Bob Anglin admits that it wasn’t the easiest decision to move from small-town life into a midtown Toronto senior living residence.
“It was tough leaving where I lived for 10 years,” says Bob, 86, who lived in Port Hope, Ont. “But I have moved before and now I’m here and I’m a happy camper,” says the former manager at IBM Canada.
Bob’s home is now a light-filled one-bedroom suite at Amica on the Avenue. It was a group decision to move, involving Bob and his five adult children; he was alone in Port Hope after his wife died four years ago and found he frequently had to make the 100-kilometre-plus drive to Toronto for medical care.
“The kids thought driving wasn’t such a good idea. So I gave up my licence and came here on a two-week trial basis and I haven’t looked back,” Bob says.
“He told us on day two that this was where he wanted to be,” says his daughter Marnie Anglin, who lives nearby and sees him often.
In his new home, Bob enjoys high-quality dining, a fitness centre, pool, scheduled transportation and entertainment. But what he enjoys the most is the company.
Overcoming loneliness is one of the biggest challenges for seniors, and a key benefit to living in a setting where there is support, care and activities, says Heather Palmer, National Director of Cognitive Well-being for Amica Senior Lifestyles.
“It’s not just a matter of moving in and not being lonely anymore. We have to pay attention to peoples’ individual needs, to listen and look for signs. It’s hard for people to just come up to you and tell you they feel lonely and ask for help,” she says.
A recent U.S. survey on healthy aging found that roughly one-third of seniors say they are lonely. In the study sponsored by the seniors’ advocacy group AARP, more than a third of respondents said they sometimes felt a lack of companionship, while 27 per cent reported feeling isolated.
In Canada, gerontologist Mariam Larson, who works with the non-profit organization Allies in Aging, said that as a health risk for seniors, loneliness is “worse than smoking, it’s worse than obesity. We didn’t realize how much it can affect health beyond just quality of life.”
There’s a significant and often direct connection between growing older and becoming lonely, Dr. Palmer adds. “If you think of an aging brain, as we get older the parts of our brain that change impact our ability to take initiative, to plan and organize. Yet social engagement often requires initiative; it takes planning and organizing,” she explains.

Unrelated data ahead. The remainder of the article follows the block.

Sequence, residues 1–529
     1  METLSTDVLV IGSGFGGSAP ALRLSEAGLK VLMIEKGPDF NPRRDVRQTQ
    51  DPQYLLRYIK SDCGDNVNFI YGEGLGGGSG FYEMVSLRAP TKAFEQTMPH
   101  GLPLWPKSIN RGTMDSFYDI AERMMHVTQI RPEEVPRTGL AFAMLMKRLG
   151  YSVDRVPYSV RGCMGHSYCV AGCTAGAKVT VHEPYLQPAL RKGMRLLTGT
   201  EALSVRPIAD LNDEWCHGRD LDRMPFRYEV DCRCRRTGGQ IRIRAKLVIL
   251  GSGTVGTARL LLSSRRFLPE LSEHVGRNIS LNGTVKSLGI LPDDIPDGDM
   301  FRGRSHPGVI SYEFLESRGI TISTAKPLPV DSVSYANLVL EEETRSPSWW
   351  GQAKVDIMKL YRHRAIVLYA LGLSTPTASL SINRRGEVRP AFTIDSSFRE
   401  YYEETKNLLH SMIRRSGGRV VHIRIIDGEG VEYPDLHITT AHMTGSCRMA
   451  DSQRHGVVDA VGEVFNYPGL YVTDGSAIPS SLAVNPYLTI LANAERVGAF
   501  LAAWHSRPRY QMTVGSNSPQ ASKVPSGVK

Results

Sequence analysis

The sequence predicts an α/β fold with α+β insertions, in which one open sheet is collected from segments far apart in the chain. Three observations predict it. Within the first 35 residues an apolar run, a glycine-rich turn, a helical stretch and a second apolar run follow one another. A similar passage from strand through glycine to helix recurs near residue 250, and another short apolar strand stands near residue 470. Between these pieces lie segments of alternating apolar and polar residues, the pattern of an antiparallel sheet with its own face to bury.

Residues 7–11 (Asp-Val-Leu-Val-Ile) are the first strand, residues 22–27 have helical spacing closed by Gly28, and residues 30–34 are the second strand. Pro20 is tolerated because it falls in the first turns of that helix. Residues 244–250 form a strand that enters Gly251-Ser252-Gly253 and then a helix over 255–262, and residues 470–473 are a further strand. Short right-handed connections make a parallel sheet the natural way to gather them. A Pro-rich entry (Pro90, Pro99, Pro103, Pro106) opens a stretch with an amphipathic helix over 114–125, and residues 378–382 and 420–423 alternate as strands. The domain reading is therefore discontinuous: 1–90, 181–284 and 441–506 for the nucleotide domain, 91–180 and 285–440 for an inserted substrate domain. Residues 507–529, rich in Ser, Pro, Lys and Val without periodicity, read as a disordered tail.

“So it figures that if you have a mechanism to encourage people to try new experiences, help them break down the barrier, people enjoy it and want to do more.”
“Before I moved here I was involved in a lot of activities, but I found I was still spending a lot of time on my own. That’s remedied in this establishment,” Bob says.
“They keep us busy. We have a wonderful Life Enrichment Coordinator directing activities. We have excursions, including out of town trips to the theatre, for example the Shaw Festival and the Stratford Festival. I also go to exercise every morning. When you have so many activities, the days go quickly and you look forward to the next day.”
“There’s also a therapy dog that has come to visit us. I have had a dog before so it’s nice to see a dog here,” he adds. Bob also enjoys going out with daughter Marnie and his other children.
“One of the advantages to Dad being here is that it’s close to where I live and I can actually walk over,” Marnie says. “I come over for a lot of meals, and we have family game nights here. I know some people worry it will be sad to visit a seniors’ residence, but it’s not that way here at all.”
Dr. Palmer says adult children can help their parents as they age, not only by being around but also by keeping track of significant changes.
“Documenting things helps. If you’re concerned about changes in your parents’ level of engagement, and whether they’re becoming lonely or depressed or not functioning as well as before, take a notebook and mark down all the things they used to do and enjoy,” she says.
“Then mark down what they’re not doing or doing less. Then you can look at why — even if there are new barriers because they’re aging, you can help them overcome these.”
Bob says he is not trying to replicate his old life in his new setting — he’s moving forward.
Dr. Palmer adds: “It’s important to us to create an environment where residents feel comfortable with the changes they’re experiencing as they age, and where we can accommodate to those changes.”
Advertising feature produced by Globe Content Studio. The Globe’s editorial department was not involved.